Dribble Across A Square™

Dribble Across a Square is a copyrighted soccer drill that is a soccer game. It teaches control dribbling, speed dribbling, to look up while dribbling, turning, peripheral vision, instinctive reactions, getting used to traffic and shielding the ball in traffic, looking for "Open Space" & how to use Open Space, acceleration into Open Space, how to "Breakaway", "Field Vision", to naturally dribble with both feet, poise & confidence when dribbling the ball. It is for soccer players age 6 and older (U7 and older).

"Amazing is the only word I can think of as to how my U8 girls played. I definitely saw them to kick the ball to an open space and run onto it. This obviously is a result of playing the Dribble Across a Square practice game." Coach Troy, SC, Premium Member

"My U12 girls won the end of year tournament. The main thing I saw in my girls was a huge increase in their confidence while playing. Some of that was better skills, but more important was being used to playing under pressure and in chaotic conditions due to the Soccer Help practice games." Philip, U12, WA, Premium Member

Tip: The best way to get your players to play this game is to tell them that it's part of "Warming Up" and play it at the start of practice.

For more about this game and for another dribbling game, see "How To Teach Soccer Dribbling"

We highly recommend the "Dribble Around Cone & Pass Relay Race" Practice Game

U-6 Coaches Read This:
Comment:
This is the best way to teach dribbling and how to use the bottom of the foot & the inside & outside of the foot to stop the ball and turn. Easy set-up & everyone has a ball. This is a great warm-up. It is 10 times better than dribbling through cones & is a good way to evaluate dribbling skill. This game helps children's brains to learn to process a lot of activity, to use peripheral vision, and to make correct, instinctive decisions and maintain composure when under pressure and in heavy traffic..
Teaches:
  • Control dribbling, speed dribbling, to look up while dribbling, turning, how to dribble through traffic without panicking, shielding the ball, how to naturally find open space, "strength on the ball", dribbling under pressure, and instinctively avoiding other players. Players learn to use peripheral vision, to shield the ball when in traffic, and that they can speed up if they get in the clear. It is a "self-teaching" game and playing the game really teaches these skills and self-confidence & composure in heavy traffic & under pressure. It also teaches composure in chaotic situations and how to recognize openings in traffic and when it's safe to speed up. You will notice an improvement in "field vision" and "field awareness" (the ability to see opportunities in a crowd and across a field, and to make quick, instinctive, correct decisions). Playing this in a square that is 10 steps wide teaches "Control Dribbling", and making the square 15 to 20 steps wide will teach players how to look for Open Space, accelerate, Speed Dribble and "Breakaway" (how to look for Open Space, accelerate into it, and Speed Dribble).
Keep Score:
Remember to have the players keep score so it will be "Game-Realistic" (so there will be competition and pressure) and so you can monitor progress. Give "tips" at the end of each Game about how they can improve (see below for good tips).
Set-up:
The Game:
Teaching Points:
  • "Control Dribbling" - When in traffic, keep the ball close to your feet so you can protect it ("shield" it) and learn how to look up while dribbling by keeping the ball close to your feet so you know where it is.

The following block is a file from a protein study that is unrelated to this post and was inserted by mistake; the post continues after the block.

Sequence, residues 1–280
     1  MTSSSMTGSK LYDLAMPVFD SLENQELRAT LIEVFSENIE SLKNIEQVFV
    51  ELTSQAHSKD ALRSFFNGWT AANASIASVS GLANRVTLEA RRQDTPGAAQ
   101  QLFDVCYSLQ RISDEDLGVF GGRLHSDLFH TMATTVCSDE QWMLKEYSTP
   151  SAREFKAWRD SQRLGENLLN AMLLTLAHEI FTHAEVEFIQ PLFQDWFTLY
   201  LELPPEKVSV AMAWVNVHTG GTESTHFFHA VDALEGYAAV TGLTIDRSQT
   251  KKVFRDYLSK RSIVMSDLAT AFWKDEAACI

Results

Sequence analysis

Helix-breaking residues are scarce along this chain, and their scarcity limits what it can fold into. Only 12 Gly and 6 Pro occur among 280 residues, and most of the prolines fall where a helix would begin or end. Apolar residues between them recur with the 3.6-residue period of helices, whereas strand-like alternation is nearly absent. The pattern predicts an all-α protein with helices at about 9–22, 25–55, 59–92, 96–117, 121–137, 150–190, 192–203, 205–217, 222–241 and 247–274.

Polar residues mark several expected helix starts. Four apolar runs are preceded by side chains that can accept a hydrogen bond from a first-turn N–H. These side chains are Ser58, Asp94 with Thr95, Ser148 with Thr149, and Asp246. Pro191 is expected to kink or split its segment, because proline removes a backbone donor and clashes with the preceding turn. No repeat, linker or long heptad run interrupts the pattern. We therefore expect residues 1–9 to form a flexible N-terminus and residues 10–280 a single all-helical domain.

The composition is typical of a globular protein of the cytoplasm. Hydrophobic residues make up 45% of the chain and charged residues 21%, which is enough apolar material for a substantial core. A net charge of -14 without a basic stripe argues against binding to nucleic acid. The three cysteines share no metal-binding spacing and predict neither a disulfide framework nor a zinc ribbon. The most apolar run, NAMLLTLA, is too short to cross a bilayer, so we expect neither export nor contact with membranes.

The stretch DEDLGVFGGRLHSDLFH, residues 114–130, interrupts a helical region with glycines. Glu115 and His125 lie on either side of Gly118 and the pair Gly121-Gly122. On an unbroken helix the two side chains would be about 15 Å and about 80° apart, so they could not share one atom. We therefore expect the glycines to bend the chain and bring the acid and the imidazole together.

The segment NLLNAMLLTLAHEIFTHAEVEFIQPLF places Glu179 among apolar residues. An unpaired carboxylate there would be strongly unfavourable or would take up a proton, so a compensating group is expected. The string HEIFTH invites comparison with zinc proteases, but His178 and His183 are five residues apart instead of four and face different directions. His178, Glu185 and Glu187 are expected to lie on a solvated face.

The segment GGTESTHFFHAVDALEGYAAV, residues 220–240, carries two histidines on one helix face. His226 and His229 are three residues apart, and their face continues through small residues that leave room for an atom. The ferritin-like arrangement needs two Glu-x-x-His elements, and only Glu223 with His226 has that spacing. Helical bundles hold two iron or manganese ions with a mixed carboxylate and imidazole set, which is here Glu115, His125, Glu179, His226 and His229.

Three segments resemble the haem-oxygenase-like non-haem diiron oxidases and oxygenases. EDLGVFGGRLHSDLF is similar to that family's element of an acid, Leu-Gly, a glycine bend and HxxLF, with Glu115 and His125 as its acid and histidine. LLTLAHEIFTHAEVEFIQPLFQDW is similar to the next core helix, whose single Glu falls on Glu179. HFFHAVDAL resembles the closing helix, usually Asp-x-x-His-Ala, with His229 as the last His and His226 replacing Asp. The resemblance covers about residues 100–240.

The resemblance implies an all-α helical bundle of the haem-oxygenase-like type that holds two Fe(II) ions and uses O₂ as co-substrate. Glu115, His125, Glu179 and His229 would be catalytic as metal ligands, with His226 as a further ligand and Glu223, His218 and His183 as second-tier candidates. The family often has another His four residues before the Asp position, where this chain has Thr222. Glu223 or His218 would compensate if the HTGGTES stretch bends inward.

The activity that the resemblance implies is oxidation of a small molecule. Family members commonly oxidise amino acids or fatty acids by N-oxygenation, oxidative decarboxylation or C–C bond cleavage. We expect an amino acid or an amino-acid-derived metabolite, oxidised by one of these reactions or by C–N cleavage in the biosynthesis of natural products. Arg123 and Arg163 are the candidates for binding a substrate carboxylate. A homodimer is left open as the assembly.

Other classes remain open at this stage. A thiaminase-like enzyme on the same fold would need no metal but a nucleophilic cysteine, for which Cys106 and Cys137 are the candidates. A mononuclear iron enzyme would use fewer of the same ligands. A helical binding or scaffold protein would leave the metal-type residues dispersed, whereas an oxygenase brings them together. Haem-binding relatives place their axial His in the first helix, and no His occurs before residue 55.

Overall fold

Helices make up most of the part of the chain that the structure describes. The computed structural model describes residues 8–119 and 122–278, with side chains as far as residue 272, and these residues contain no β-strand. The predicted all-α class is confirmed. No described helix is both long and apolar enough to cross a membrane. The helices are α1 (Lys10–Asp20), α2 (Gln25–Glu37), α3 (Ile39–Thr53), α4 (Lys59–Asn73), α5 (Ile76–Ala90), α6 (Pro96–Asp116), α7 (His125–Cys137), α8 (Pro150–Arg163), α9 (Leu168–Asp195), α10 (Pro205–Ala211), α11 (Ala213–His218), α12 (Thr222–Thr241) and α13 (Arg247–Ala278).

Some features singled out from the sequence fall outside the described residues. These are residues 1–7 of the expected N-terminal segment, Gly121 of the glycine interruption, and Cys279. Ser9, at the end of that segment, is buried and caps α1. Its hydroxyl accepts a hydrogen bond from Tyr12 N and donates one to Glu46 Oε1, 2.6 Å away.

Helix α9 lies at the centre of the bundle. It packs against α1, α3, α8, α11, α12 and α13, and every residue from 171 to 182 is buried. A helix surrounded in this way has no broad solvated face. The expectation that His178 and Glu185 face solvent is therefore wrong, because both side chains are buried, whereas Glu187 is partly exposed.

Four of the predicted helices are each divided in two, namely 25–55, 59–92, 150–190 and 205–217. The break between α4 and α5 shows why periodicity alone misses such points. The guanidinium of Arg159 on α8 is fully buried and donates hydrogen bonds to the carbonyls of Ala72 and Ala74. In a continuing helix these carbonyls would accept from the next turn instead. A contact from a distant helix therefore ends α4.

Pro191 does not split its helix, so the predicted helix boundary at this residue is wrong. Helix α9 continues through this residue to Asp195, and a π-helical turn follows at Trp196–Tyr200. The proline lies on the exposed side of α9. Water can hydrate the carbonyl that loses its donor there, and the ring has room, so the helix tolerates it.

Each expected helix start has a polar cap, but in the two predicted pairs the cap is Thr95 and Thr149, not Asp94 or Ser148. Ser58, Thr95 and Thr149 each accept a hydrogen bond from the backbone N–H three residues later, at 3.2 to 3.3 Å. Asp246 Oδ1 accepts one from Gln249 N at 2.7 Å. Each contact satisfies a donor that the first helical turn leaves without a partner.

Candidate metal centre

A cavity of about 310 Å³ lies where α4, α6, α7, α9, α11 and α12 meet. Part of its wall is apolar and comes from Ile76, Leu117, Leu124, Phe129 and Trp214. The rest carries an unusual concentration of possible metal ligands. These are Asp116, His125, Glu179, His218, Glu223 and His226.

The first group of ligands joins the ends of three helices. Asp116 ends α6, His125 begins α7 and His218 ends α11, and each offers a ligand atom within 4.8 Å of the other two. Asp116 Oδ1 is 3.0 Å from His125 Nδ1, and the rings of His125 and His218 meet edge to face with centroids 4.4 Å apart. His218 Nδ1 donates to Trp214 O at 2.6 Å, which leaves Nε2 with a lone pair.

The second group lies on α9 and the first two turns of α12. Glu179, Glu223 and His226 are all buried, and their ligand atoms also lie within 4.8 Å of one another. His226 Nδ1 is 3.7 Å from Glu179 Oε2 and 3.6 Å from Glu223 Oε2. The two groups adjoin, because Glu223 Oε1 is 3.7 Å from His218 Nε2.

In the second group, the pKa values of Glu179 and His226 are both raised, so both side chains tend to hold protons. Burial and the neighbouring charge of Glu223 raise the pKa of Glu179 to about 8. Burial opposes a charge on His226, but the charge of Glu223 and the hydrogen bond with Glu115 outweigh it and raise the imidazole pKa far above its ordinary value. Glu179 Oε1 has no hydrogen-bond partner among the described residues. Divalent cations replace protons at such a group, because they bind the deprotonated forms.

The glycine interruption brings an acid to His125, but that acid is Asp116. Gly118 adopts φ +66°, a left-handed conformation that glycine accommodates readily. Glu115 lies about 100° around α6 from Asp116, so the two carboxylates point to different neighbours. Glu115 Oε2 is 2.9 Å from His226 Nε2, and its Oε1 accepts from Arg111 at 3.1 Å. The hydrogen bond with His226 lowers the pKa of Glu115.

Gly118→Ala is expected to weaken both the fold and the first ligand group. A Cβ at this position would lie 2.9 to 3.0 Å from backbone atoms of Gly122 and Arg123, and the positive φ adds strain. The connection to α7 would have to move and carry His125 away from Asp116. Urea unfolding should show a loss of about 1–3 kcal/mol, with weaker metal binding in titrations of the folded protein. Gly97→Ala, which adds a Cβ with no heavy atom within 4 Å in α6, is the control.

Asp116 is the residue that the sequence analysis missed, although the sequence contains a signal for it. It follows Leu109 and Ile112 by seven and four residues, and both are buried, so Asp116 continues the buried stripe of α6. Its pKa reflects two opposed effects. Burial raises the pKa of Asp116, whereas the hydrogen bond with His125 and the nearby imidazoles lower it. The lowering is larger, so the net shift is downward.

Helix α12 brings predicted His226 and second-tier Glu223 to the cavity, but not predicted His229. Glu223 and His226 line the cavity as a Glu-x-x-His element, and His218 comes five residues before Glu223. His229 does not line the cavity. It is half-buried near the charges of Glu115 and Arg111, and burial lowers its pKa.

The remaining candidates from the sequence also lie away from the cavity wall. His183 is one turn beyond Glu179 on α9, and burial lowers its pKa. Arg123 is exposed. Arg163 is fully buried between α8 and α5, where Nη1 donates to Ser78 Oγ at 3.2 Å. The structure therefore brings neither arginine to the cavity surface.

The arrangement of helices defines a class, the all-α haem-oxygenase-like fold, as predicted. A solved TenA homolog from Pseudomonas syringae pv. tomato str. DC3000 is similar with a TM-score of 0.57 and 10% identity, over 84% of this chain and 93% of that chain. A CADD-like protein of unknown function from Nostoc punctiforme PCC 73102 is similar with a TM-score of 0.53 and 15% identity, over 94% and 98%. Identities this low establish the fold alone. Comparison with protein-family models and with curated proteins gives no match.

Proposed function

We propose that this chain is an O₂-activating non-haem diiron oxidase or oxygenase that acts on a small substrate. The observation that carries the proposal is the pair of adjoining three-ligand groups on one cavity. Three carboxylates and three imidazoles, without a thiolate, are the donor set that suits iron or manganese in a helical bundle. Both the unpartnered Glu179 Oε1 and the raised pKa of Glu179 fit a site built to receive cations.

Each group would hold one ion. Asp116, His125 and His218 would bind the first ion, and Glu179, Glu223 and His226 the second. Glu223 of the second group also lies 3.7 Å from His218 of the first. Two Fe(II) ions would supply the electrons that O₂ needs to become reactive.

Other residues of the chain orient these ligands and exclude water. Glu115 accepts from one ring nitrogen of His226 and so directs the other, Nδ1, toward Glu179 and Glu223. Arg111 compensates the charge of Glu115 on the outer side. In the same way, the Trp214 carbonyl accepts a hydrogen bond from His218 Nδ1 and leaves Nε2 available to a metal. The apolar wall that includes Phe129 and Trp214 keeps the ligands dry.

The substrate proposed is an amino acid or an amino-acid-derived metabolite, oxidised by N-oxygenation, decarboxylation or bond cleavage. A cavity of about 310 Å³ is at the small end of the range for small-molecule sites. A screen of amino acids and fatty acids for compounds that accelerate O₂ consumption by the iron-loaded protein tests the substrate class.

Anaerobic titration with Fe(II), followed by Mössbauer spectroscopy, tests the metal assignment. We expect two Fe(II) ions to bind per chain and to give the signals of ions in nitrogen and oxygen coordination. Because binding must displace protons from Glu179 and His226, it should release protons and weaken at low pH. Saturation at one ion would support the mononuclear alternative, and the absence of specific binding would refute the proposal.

• "Speed Dribbling" - Keep the ball near your feet when you are in traffic, but look for Open Space and when you get "open", kick the ball into the Open Space using the inside of foot or the "laces" and run to it so you can go faster, but you must still keep it under control so you can turn, so don't kick it too hard. To Speed Dribble, you kick the ball forward using the outside top of the front of the foot (not the inside of the foot). For a video of the correct method of Speed Dribbling, see the Anson Dorrance-Tom Stone Soccer Clinic DVD at minute 19:15, "Dribbling for Speed".
  • How to do a "Pullback", "Stop/Turn", "Hook Turn", and a "Cutback".

With some games such as "Dribble Across A Square", a few players might win all the time unless the rules are adjusted. I don't think you would have that problem with the "Dribble Around Cone and Pass Relay Race" and similar games because you can balance the teams.

If the same few kids are winning a Practice Game all the time, here are some ideas to think about:

  1. Use an approach sort of like a golf handicap: start the weaker players with a few points. For example: everyone but the very best kids start with "1" or "2" or even "3".
  2. The best approach is to give the rewards for "individual improvement". A way to do that is similar to a bowling average. Let's say one kid's average was 7 in "Dribble Across". If that kid gets 9, they would have earned a patch based on their improvement. That way everyone could win one.
  3. For the "Dribble Across A Square" game, instead of a Square, make a rectangle and have your best players dribble across the long side and the weak players dribble across the short side. Adjust the lengths of the sides so it balances things out and creates a challenge for everyone (for example, make it 10 x 12 instead of 10 x 10). Let there be 2 sets of winners: a winner among the "Best" players and a winner among the "Weak" players, both of whom get a patch. That way everyone will be motivated to do their best and feel they have a chance to win a patch, and you can monitor improvement.

Benefits Of The "Dribble Across A Square Game (Premium Version)":

  1. It is the best way to teach dribbling.